As we didn’t have a two-week holiday like our fellow agriturismo guests, we set out most days around mid-morning, hoping to experience for ourselves some of the aura of Umbria that others had found. We drove north to the medieval town of Gubbio, where our children danced in the ruins of a 1st-century AD Roman amphitheater, ate gelato in the shadow of a 13th-century palazzo, and videotaped our ascent up the mountain side in a two-person basket. Another day we followed La Strada del Sagrantino, or the Sagrantino Wine Road, around the 16,000 hilly hectares where this native vine is grown, stopping for samples at both wineries and restaurants around the tiny town of Montefalco. Lunch that day was a risotto dish made with this local dry red wine. Later, we found ourselves on a self-guided walking tour of the Umbrian hill-town of Spoleto, half-way across its most famous landmark, a late 14th-century aqueduct, as evening fell and lightning forewarned of an approaching storm.

The most medieval of Umbria’s towns is also its most visited, Assisi, which we approached by way of the small town of Spello. A desination in its own right, we had walked the narrow cobblestone streets of this hilltop town, sampled local olive oil (poured onto bread for my husband, and a whopping spoonful minus the bread for me), and stepped into a local church to view a fresco cycle completed around 1500. We then purchased produce at a small local shop and drove up the hairpin turns of Monte Subasio for a picnic lunch. It was peaceful, and seemed to put us in the right frame of mind for visiting Assisi, and specifically the Basilica di San Francesco, a pilgrimage site for many travelers paying homage to St. Francis. An 11th century friar who challenged the materialism of society and the church, he advocated a simple lifestyle and respect for the environment. It is a message that many in Italy take to heart and which we witnessed first-hand at Agriturismo Ca’Mazzetto. It is the message that I now understand translates simply as, “Ahh, Umbria.” (April 2006)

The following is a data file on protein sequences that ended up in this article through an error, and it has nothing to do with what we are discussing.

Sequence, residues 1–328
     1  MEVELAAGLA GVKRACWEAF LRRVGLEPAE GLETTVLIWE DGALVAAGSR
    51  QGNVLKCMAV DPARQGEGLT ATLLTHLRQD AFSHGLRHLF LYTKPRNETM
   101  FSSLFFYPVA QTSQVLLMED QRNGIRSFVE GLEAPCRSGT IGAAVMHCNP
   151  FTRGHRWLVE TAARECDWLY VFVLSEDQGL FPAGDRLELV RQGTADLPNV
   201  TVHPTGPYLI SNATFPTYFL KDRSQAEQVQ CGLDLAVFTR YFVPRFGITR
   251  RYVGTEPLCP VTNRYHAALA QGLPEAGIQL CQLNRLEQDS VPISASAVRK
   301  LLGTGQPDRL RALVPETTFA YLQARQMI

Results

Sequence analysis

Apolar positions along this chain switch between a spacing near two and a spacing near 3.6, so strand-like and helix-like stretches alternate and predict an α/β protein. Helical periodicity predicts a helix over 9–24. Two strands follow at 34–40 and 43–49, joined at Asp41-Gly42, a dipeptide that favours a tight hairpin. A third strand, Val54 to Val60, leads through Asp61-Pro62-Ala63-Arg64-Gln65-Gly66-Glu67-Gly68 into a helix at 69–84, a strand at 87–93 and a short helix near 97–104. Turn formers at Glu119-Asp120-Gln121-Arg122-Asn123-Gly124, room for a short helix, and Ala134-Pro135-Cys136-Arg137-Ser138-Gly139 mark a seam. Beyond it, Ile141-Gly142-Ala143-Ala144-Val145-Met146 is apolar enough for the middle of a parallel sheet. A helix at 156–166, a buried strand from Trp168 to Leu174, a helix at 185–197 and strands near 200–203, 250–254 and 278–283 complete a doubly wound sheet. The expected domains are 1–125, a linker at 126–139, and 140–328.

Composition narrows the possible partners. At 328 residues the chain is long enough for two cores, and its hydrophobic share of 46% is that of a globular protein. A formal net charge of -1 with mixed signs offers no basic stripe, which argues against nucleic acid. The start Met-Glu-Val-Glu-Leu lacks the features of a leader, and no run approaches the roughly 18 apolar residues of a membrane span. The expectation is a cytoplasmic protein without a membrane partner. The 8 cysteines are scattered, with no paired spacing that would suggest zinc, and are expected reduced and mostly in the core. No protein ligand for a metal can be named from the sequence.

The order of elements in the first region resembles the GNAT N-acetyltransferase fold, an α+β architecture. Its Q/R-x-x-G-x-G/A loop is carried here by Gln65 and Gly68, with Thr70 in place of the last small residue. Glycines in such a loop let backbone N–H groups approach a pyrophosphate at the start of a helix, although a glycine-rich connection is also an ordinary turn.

Helpful Information

Agriturismo Ca’Mazzetto, loc. Coccorano, 06029 Valfabbrica (PG), http://www.camazzetto.it/. We paid 65 Euro per night, plus heating fuel costs, for our 3-room apartment in April 2006. Prices are higher in the summer. Dinner with wine cost 18 Euro per person. Breakfast costs 4 Euro per person.

Other restaurants visited:
Ringhiera Umbra, Via G. Mameli 18/20, Montefalco. http://www.ringhieraumbra.com/.
Pizzeira/Trattoira dal Carro, Vicolo di Nepis 2b, Assisi.